Homosexuality isn’t technically illegal in Peru, but it’s best to keep things on the down-low here. This conservative Catholic nation has discriminatory attitudes towards the LGBT community. It’s a male-dominated macho culture where gays are considered deviant. Larger tourist centers like Lima and Cusco have underground gay and lesbian scenes, but in smaller towns and rural regions it is not generally tolerated. Anti gay violence (including murders) is commonplace, often with police indifference or even perpetrators. In a country where the Incan flag looks just like the rainbow Pride flag, the prejudice against this community is palpable and lags far behind its more progressive neighbors in Latin America.
Singapore is a modern, cosmopolitan, multicultural Asian city well worth a visit, but its not as open on issues of LGBT rights as you might assume. Yes, it has a gay scene with bars and nightclubs and even boasts an annual Pink Dot pride event which drew a crowd of 26,000 this year. Compared to other homophobic tourist destinations on our list, Singapore seems pretty tolerant. However, the Court of Appeal just rejected two legal challenges to an old British law that infringes on gay rights. They upheld Section 377A that says men who engage in “gross indecency” privately or publicly can serve two years in jail. This is considered a huge setback to those who were hoping conservative Singapore was evolving into a more accepting nation.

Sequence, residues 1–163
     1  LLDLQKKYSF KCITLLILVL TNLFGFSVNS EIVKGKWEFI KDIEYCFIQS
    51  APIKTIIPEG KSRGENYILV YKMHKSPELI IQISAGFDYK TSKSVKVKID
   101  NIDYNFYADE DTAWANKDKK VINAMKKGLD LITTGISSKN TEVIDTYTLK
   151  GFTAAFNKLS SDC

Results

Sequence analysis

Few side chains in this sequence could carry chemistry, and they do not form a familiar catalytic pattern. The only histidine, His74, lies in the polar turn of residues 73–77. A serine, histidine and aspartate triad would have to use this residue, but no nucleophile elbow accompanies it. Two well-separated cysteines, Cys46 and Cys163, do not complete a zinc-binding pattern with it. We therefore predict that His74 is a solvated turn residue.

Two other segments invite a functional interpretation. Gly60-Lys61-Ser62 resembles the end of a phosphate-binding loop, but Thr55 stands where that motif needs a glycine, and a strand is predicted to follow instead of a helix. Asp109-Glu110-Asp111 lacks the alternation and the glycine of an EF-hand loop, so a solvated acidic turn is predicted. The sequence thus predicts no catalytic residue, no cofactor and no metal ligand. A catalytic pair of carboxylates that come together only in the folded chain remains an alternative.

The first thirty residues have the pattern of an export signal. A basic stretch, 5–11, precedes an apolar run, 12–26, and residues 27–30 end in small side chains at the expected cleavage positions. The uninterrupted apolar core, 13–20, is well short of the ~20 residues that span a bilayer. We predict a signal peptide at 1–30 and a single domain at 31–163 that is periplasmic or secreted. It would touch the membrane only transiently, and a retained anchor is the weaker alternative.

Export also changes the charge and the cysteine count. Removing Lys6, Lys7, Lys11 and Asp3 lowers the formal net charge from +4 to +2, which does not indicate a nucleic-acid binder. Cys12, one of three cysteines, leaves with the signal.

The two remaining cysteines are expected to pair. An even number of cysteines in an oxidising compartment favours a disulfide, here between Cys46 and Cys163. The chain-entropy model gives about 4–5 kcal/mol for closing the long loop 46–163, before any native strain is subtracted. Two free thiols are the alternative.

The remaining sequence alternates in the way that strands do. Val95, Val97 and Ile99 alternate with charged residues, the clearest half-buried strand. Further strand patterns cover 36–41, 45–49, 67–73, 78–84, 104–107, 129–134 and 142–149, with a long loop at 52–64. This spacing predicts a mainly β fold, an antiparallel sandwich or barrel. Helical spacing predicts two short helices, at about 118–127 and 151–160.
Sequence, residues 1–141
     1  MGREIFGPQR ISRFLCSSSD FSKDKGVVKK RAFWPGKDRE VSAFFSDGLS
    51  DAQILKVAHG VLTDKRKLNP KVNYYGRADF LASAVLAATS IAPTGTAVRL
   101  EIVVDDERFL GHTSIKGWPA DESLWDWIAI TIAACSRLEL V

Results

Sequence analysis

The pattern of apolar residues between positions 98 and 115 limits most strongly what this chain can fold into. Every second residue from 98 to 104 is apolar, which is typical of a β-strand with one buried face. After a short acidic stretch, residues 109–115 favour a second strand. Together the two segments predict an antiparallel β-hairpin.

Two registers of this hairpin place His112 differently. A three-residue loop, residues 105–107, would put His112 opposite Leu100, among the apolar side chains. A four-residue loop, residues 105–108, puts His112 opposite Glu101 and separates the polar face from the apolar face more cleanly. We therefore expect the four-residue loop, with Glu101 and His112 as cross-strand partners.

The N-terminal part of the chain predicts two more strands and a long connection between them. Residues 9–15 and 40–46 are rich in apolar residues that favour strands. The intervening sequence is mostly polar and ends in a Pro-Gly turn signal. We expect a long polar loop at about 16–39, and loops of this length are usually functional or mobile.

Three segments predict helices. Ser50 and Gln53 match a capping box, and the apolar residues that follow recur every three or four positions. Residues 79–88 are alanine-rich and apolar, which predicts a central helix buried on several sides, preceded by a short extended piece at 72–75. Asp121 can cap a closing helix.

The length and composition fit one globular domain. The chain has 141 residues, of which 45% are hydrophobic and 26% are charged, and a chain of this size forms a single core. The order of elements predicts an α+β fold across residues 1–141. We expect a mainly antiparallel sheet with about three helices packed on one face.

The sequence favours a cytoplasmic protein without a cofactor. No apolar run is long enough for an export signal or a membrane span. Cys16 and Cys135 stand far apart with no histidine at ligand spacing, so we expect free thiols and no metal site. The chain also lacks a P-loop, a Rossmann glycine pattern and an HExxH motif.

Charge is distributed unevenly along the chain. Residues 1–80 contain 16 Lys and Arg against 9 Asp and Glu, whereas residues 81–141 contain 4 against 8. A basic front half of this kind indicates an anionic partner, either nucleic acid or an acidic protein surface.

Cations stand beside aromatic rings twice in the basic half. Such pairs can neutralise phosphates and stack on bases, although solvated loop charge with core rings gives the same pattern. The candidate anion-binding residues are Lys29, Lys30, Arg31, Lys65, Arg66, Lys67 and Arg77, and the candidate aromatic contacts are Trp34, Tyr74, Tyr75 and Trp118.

You’d be hard-pressed to find a more stunning location for an idyllic island vacation than the remote Maldives. But if you’re a gay or lesbian traveler, you might want to be careful when visiting this Muslim nation. The luxury resorts may bend the rules on alcohol consumption, but they are not so accommodating when it comes to homosexual behavior. That’s not to say it doesn’t happen here, but it is technically illegal. LGBT couples who are subtle about public displays of affection and imply that they are “just friends” sharing a room shouldn’t have any problems on a holiday here. But you might not want to book the honeymoon suite, to be on the safe side. Be aware that there has been some violence against homosexuals in the Maldives. In 2013, an openly gay blogger had his throat slashed and barely lived to tell the tale. A few years back, seven locals were arrested for homosexual activity (including two Imams!) which caused a scandal. Public lashings are not unheard of. Tourism is the lifeline of the Maldives, so chances are same-sex couples will have no discriminatory issues while vacationing at the resorts here, but be aware of the local anti gay biases and legalities, even if you don’t agree with them.